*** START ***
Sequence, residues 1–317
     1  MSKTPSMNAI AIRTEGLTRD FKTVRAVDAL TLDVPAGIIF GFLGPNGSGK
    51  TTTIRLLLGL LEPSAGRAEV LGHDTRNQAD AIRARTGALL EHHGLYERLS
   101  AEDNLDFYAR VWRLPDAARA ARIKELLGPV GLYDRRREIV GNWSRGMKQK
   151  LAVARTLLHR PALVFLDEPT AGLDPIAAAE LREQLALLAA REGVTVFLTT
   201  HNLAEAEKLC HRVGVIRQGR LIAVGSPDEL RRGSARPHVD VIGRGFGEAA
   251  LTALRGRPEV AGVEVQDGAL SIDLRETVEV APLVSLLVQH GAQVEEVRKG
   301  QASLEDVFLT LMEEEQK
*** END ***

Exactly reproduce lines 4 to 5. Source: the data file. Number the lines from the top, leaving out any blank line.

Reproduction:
   101  AEDNLDFYAR VWRLPDAARA ARIKELLGPV GLYDRRREIV GNWSRGMKQK
   151  LAVARTLLHR PALVFLDEPT AGLDPIAAAE LREQLALLAA REGVTVFLTT